Coworking in Berlin: The First 7 Days
Our next stop on the We Roam itinerary has the Polaris group living and working in one of Europe’s largest cities, Berlin, Germany. With a rather turbulent past set upon a sprawling landscape, Berlin is nine times the size of Paris, with plenty of pockets to explore. Home to the largest train station in Europe, each day all of the city’s public transit travels far enough to circle the globe, nearly nine times. Berlin is definitely on the move. Here’s what I noted about working in this bustling city during my first seven days.
St. Oberholz Coworking
Our workspace for the month of July is located in a 100-year-old building in the center of the city. St. Oberholz is definitely rocking the hipster, coffee shop vibe well, and boasts three stories of coworking space for its members. Nestled in on the corner of Rosenthaler Platz square, it calls one of the trendiest neighborhoods in Berlin home.
It certainly meets the criteria for freelancers or small businesses looking to make their mark in the center of it all.
Once again, the European work day is fairly similar to working back in the states, except when it comes to hanging around the office cooler. These are some of the quirks I noticed during my first week.
1. Small Talk
While working abroad I had hoped to meet a few locals
along my journey. I thought striking up casual, friendly conversation while getting coffee at my new office would be the perfect opportunity to exercise this! I was sadly mistaken. The few times I did spout a friendly, “hallo” to another coworking goer, I was answered with a variety of responses. I received one look of fright, one irritated stare and one brisk “hallo” after they already started walking away in return. I later learned that while at work, Germans tend to stay focused, and often avoid small-talk even with regular coworkers. As a whole, this culture is efficient, but when the workday is over they don’t linger on office issues. They enjoy their time off with friends and family. I guess I should have withheld my chattiness until 5:00pm.
As an American, I am well aware that English is far from the most eloquent of languages. However, I never truly understood what it was like for non-speakers to listen to it until I heard German all day, everyday. While it technically
isn’t their fault, the German language is harsh at best, and it can be quite distracting when it’s being forcefully spoken in the seat across from you.
I have also noticed that street noise is just part of life here. Considering Berlin is a rather large, active city, the screeches and piercing honks of traffic and chatter from passing pedestrians tend to peek through most parts of life, including work. Most of my German coworking partners didn’t seem phased by this in the least. Coming from a quiet office in the states I found it a bit difficult to focus. I thankfully turned up my noise-canceling headphones, and was able to get right back to work.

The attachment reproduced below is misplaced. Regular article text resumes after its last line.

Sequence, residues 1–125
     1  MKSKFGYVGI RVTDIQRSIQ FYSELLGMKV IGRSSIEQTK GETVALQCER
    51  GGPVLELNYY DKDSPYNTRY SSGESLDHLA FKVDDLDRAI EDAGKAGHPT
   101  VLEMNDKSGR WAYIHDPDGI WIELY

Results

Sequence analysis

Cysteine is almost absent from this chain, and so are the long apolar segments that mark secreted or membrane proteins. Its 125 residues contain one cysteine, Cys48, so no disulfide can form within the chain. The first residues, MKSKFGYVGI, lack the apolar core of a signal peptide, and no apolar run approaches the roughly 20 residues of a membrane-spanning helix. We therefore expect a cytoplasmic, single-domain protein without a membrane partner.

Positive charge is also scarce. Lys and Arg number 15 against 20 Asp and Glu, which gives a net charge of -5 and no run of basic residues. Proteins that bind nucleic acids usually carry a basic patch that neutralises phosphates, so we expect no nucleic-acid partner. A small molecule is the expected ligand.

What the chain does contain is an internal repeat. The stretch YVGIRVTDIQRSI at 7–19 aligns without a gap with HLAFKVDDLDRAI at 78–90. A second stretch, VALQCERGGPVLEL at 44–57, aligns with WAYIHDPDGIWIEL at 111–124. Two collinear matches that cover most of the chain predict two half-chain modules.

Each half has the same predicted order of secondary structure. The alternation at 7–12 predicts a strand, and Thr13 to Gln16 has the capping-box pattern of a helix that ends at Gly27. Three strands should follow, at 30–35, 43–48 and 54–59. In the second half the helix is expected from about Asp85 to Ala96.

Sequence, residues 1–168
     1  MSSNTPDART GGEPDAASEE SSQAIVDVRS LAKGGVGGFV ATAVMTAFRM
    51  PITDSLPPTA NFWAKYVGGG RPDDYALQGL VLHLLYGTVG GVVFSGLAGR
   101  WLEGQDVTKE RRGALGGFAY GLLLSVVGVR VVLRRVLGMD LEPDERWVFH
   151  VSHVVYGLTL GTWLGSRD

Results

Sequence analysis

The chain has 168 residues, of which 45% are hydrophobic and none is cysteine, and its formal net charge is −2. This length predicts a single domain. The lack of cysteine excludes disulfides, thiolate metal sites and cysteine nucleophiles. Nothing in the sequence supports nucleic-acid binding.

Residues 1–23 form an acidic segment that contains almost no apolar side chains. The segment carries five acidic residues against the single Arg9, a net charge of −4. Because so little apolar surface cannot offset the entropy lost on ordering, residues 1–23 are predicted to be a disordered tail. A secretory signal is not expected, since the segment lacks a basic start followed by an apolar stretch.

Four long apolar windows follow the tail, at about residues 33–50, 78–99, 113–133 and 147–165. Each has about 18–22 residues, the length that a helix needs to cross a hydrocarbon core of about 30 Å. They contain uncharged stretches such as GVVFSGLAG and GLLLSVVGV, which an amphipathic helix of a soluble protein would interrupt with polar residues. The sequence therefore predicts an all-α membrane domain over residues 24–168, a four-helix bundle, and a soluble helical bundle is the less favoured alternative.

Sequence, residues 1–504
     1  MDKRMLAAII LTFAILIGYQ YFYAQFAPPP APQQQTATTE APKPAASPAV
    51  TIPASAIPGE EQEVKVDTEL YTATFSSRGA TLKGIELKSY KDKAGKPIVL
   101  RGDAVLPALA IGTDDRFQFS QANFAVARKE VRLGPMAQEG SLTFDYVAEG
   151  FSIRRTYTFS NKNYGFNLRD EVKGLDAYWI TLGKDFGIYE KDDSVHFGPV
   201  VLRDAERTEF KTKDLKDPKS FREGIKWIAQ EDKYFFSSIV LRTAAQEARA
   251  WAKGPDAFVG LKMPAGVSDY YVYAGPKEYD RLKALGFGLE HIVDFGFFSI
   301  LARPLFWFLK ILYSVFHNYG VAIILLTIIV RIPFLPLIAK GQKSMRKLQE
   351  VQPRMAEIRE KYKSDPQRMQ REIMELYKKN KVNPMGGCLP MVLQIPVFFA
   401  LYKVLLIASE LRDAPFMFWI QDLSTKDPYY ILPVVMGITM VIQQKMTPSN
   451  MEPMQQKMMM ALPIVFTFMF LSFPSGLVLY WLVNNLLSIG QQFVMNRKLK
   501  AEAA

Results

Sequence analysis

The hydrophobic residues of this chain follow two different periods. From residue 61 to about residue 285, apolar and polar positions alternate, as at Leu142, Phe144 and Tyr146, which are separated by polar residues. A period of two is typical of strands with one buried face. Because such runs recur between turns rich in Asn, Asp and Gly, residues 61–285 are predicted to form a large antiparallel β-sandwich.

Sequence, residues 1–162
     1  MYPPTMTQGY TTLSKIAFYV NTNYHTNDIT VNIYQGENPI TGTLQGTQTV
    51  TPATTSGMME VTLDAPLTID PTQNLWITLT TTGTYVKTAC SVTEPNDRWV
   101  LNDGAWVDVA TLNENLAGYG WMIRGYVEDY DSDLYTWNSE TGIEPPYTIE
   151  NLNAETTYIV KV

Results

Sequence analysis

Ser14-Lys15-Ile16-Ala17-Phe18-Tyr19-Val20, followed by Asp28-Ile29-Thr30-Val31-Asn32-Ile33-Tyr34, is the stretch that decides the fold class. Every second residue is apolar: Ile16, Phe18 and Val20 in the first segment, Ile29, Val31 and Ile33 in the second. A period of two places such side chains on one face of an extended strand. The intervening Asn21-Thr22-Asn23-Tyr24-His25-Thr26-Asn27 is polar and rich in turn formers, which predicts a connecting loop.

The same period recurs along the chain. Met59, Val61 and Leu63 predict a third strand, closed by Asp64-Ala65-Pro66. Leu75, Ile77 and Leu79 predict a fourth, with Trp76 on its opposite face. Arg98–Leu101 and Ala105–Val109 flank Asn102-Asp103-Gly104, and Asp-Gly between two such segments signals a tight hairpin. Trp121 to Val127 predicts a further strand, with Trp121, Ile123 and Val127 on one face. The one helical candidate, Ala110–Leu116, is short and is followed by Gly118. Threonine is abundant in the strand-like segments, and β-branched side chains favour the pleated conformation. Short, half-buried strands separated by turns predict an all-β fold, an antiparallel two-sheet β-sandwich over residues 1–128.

3. Wear What You Want
At our headquarters in Houston, we embrace a more laid-back approach when it comes to workplace attire, and I have seen more and more of this trend, especially when working remotely from California. In the states, it is common for today’s worker to dress in this casual way unless they have important meetings or face-time with clients. Berlin has seemed to pick up on this trend. I noticed a variety of “workplace attire” at my space in St. Oberholz, but nothing seemed to be classified as formal. It appeared that most individuals opted for a pulled-together look that enhanced comfort while working in this more freelance environment.
4. Closing Time
German natives have been noted for their punctuality, and life for coworking Berliners is no exception. I noticed hardly anyone seemed to enter the office after 9:00am, and most people got right to work once they walked through the door. There wasn’t as much checking in with colleagues or sipping coffee in the office kitchen as I’m used to seeing back home. As the end of the day approached, I then noticed that when the clock struck 5:00pm, I was the only one left in the workspace. From my experience this first week, it seems German work culture is about working when you’re supposed to work, and working well, and heading home at a reasonable time each day.
While this month will certainly be different from the last, Berlin will give our group a more in depth perspective on what it means to work in an European city. It’s clear Germany’s capital is on the move heading forward at a rapid pace, fueled by a disciplined, passionate workforce. Quite far removed from the quaint and picturesque Prague, Berlin never seems to stop moving. And with such hardworking people, I don’t think it plans to put on the breaks anytime soon.